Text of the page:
The Fate of Universities
University education used to be much more idealistic in nature, and derived from a perceived need to enlighten and ennoble, rather than merely professionalize. Today, university education is viewed much differently. It might not be unfair, in fact, to suggest that universities today are merely glorified vocational colleges. Gone is the ‘Ivory Tower,’ replaced by a set of capitalist imperatives that implore campuses to equip students with employable capacities and knowledge.
At Unemployed Professors, we value knowledge and learning of every kind, from that which seems to have no value or utility to the marketplace, to that which is eminently practical. It is worth noting, however, that our educational institutions, and especially the best among them, evolved out of a deep belief that the best undergraduate education is one that offers a well-rounded education, including the critical skills, analytical ability, and creativity necessary to quickly master any entry-level job. Additionally, these same capacities are valuable in all walks of life, including the non-professional. They are personally valuable because they help one lead the ‘examined life.’ Moreover, they are fundamental to engaging in a participatory democracy: they are the instruments that help individuals think for themselves, identify and denounce demagogues and tyrants, and assert their views effectively and compellingly in the arena of public discourse.
Divested of business interests, universities are also places where super-smart people can explore areas of inquiry that stimulate their curiosity. Not all of these may have immediate value on the market, but they can enrich human life by adding to our understanding. As soon as we start telling people what to know, and what to discover, we run the risk of severely constraining intellectual freedom; and, in the process, we think less, know less, and imagine less. Is this really the world we want to create in university?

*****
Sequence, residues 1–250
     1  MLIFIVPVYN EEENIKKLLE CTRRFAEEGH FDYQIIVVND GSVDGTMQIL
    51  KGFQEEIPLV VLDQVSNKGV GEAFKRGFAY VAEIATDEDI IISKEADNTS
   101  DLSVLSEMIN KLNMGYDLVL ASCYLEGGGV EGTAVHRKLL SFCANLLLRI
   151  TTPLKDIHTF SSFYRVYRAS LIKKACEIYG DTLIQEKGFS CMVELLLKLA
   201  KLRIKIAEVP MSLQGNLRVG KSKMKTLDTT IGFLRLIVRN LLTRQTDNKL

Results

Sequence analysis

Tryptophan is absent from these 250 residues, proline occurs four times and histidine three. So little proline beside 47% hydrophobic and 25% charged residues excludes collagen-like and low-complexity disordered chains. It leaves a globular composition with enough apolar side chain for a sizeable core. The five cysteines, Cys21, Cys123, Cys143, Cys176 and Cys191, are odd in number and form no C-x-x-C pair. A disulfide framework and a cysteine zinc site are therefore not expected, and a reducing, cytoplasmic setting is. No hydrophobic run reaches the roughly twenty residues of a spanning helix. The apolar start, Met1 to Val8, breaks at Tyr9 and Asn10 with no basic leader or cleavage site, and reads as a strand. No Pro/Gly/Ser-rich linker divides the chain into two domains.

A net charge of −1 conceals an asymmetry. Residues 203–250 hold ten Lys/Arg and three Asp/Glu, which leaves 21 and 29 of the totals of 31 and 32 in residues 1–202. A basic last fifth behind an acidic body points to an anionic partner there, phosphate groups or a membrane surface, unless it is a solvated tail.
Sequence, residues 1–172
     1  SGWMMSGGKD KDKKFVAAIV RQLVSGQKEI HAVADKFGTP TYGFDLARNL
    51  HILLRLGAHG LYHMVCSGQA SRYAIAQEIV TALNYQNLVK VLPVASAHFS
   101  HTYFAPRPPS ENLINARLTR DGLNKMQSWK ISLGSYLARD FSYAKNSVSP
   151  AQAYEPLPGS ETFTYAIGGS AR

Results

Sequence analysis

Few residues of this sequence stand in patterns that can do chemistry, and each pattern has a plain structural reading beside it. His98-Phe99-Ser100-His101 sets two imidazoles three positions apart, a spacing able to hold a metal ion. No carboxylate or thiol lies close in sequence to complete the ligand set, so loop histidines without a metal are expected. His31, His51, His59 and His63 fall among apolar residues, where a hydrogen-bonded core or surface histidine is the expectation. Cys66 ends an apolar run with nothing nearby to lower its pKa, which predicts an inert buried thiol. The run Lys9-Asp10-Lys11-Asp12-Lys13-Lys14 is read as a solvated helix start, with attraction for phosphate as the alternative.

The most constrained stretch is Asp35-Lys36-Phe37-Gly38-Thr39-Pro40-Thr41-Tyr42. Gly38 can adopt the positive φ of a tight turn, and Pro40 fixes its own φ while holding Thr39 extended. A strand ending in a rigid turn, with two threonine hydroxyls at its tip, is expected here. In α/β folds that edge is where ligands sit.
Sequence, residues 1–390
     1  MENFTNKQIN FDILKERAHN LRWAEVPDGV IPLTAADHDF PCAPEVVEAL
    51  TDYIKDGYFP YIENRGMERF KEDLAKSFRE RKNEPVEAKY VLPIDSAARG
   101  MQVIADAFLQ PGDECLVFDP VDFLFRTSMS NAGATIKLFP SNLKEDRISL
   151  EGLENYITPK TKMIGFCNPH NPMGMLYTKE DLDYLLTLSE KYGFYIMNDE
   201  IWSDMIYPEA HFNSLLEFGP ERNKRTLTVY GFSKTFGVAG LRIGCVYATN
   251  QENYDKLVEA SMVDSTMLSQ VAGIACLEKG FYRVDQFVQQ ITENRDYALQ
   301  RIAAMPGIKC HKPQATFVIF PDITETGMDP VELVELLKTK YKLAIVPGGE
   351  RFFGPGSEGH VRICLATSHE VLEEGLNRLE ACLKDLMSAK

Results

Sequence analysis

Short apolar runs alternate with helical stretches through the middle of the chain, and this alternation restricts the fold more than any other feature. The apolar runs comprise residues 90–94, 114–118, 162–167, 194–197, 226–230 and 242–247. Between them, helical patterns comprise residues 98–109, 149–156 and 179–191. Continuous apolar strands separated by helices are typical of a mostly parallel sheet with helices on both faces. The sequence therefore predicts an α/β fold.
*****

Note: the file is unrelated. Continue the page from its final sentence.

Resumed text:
When people want to get into shape, they go to a gym and they do a lot of exercises that their bodies never perform ‘in real life.’ But, despite the irrelevance of these motions to their daily routines, their bodies get stronger, and they gain in power and endurance. The same goes for the intellect. Rather than ask university students to change oil, bake apple pies, and trim hedges, we should test them intellectually in ways that strengthen their intellect. This will enhance their mental fitness, increasing their ability to learn any job.
If preparing for a specific career is your dream, then there are vocational schools and professional programs that cater to your needs. We need to fight for our campuses, to prevent the business world from capturing them, and reducing higher education to mere career preparation.
With that in mind, ask the team of academic professionals at UnemployedProfessors.com any questions you may have regarding their college writing services and they will be more than happy to guide you along the arduous path!